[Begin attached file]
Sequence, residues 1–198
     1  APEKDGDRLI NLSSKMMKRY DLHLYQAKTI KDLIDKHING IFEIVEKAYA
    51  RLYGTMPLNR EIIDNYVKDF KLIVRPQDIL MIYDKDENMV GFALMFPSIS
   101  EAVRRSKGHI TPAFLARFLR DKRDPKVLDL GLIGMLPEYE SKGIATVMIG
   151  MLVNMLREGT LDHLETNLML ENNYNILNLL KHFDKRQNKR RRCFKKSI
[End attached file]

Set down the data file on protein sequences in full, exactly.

Sequence, residues 1–198
     1  APEKDGDRLI NLSSKMMKRY DLHLYQAKTI KDLIDKHING IFEIVEKAYA
    51  RLYGTMPLNR EIIDNYVKDF KLIVRPQDIL MIYDKDENMV GFALMFPSIS
   101  EAVRRSKGHI TPAFLARFLR DKRDPKVLDL GLIGMLPEYE SKGIATVMIG
   151  MLVNMLREGT LDHLETNLML ENNYNILNLL KHFDKRQNKR RRCFKKSI